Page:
Our history: the 1980s
The beginning of the 1980s was not propitious for the University.
It was to see the start of cuts across higher education and a fire in the Chemistry Department.
Staff were exhorted to make economies including turning their room thermostats down to save on heating bills, recycling, and making telephone calls as short as possible.
The close of the decade with the introduction of the mixed grant and loan scheme was to lend more importance to the 'marketing' of the University. One innovation was the introduction of Open Days – both for student recruitment and for the local community to see how the University worked.
Despite the harsh economic times, a number of academic departments were introduced and others developed rapidly reflecting societal and technological change. And new buildings began to appear with Computer Science (now Environment) in the centre of campus, and a courtyard of buildings near Music, now the home of Philosophy.
The 1980s was the decade when some of the University's memorable sculptures were acquired.
Many a "Yorkie" has fond memories of the Buddha - a gift from Elizabeth Cooper from the collection of her father, the late J B Morrell - sitting serenely now outside the Berrick Saul Building, and the Dryad - by local sculptor Austin Wright - reclining alongside the yew tree topiary.
In 1982, the Javanese Gamelan was purchased and has been enjoyed by music students and audiences ever since.
Photos from the 1980s
The Boomtown Rats were the last band to play in Central Hall, making a contribution to University folklore when Bob Geldof told everyone who could not see to come to the front of the auditorium.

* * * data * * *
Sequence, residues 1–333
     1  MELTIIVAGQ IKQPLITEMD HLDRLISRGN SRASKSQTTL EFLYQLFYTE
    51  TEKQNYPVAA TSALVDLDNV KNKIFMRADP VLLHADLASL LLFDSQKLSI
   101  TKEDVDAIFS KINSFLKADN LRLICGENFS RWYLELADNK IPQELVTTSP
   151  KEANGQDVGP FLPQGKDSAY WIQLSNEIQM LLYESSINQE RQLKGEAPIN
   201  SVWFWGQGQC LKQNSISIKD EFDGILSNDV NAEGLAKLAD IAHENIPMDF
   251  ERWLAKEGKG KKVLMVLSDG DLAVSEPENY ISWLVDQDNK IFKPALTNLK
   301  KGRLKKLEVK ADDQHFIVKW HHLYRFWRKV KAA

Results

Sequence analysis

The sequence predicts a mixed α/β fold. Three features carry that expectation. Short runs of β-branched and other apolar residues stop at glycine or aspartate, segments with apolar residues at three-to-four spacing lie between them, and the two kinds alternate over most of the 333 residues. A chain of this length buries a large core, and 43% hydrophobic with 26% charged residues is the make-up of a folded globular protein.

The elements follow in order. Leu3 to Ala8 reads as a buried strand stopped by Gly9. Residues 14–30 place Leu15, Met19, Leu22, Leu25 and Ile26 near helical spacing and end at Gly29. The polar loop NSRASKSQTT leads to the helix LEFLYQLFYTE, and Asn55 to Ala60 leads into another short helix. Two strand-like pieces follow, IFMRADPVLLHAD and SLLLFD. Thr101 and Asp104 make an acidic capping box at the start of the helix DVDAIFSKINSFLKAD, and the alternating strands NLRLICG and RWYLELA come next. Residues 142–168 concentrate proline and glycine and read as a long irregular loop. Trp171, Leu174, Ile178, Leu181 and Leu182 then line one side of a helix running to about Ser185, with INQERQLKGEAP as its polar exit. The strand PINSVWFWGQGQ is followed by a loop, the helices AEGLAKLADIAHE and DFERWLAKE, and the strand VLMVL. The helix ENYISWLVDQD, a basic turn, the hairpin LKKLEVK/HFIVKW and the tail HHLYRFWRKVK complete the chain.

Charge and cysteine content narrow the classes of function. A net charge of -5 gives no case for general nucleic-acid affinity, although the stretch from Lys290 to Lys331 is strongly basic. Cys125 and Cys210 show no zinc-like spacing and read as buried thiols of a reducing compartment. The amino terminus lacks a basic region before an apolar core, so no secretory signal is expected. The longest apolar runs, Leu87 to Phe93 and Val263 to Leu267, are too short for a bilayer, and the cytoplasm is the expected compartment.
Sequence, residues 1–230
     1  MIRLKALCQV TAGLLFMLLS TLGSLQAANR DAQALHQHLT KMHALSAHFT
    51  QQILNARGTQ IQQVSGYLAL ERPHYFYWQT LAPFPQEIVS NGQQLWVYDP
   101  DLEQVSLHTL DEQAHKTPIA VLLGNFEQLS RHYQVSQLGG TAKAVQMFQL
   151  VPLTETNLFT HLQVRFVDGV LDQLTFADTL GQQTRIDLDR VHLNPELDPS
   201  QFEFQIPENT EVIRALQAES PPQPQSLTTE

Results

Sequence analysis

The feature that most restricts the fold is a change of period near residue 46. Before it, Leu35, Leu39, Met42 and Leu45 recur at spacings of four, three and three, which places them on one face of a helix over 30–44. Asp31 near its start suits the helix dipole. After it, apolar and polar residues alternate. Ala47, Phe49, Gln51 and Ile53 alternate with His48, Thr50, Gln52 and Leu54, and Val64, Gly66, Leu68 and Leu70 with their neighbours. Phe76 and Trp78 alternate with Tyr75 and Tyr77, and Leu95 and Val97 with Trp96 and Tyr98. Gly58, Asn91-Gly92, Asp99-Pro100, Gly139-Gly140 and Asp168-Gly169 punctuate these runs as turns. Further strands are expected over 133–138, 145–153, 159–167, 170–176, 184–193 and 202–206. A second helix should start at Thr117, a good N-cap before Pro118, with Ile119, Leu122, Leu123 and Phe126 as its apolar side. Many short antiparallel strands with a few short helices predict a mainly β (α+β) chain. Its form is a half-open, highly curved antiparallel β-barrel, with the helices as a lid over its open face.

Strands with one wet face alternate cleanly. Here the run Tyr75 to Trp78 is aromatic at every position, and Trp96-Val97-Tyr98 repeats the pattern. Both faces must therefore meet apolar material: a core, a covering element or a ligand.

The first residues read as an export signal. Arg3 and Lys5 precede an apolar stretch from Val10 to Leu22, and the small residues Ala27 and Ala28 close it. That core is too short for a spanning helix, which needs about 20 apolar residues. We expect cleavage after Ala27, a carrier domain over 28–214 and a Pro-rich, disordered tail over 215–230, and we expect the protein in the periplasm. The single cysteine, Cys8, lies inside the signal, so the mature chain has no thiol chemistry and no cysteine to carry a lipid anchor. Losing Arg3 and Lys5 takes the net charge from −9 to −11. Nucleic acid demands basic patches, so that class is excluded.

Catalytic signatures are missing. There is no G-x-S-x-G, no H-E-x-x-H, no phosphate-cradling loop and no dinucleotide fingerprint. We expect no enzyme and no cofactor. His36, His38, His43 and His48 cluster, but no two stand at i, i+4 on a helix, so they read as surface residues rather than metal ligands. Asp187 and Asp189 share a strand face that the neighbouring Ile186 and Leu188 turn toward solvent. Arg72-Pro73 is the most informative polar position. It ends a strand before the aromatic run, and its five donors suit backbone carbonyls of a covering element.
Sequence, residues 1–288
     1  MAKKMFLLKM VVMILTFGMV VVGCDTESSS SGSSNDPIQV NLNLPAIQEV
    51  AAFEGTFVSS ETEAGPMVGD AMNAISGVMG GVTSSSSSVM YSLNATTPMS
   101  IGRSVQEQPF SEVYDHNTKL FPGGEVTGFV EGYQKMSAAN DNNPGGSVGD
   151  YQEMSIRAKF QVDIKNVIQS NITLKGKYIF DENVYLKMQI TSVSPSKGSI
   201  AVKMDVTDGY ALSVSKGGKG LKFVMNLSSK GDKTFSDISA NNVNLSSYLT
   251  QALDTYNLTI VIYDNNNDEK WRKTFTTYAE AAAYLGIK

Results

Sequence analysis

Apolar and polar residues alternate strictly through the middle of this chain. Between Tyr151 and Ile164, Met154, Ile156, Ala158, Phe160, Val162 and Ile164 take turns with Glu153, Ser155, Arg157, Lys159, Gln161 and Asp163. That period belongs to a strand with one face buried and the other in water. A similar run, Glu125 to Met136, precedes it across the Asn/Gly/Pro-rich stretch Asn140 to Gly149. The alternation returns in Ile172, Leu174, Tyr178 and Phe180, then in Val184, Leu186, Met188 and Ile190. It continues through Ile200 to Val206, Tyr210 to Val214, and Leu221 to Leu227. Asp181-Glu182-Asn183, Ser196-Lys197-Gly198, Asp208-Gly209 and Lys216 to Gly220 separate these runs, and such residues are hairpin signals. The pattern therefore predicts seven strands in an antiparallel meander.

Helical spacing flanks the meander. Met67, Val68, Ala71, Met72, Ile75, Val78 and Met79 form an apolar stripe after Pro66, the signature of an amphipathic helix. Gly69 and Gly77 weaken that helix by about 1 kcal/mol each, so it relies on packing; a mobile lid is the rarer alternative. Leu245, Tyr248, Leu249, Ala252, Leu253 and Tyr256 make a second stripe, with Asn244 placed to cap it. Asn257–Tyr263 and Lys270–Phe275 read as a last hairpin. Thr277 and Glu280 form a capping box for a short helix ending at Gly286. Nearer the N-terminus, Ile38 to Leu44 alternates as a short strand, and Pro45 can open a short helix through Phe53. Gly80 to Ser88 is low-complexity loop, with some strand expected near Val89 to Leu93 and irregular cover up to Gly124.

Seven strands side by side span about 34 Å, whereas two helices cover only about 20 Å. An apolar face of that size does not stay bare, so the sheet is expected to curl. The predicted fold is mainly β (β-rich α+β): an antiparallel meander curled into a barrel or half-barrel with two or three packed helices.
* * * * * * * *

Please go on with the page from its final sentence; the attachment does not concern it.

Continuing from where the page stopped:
Nearly 300 people surged to the front and danced on the orchestra pit cover, causing over £1,000-worth of damage.
Oral history: Women's Studies
The Centre for Women's Studies was set up in 1984. One of the Centre's founders, Professor Sue Mendus, talks about giving seminars on feminism in the 1970s and 1980s.
History in the making
Staff from various quarters helped in setting up the now famous Jorvik Viking Museum with a dig beneath what is now the Coppergate shopping centre. As well as research contributions from the Environmental Archaeology Unit, sounds for the Museum were recorded in the new Electronic Music Studio.
The University celebrated its silver Jubilee in 1988/89 with a programme of events including two concerts by Dame Janet Baker, a large reunion weekend, natural history walks, sports and a firework display.
1979 - 1993
Professor Berrick Saul
1979 - 1990
Students' Union Presidents
1979/80 Mike Barnes
1980/81 Simon Bryceson
1981/82 Richard Lerner
1982/83 Gethin Jones
1983/84 Tim Edmondson
1984/85 Jonathan Slater
1985/86 Russell George
1986/87 Felicity Huxely-Williams
1987/88 Ben Rich
1988/89 Andy Wood
1989/90 Amanda Kleeman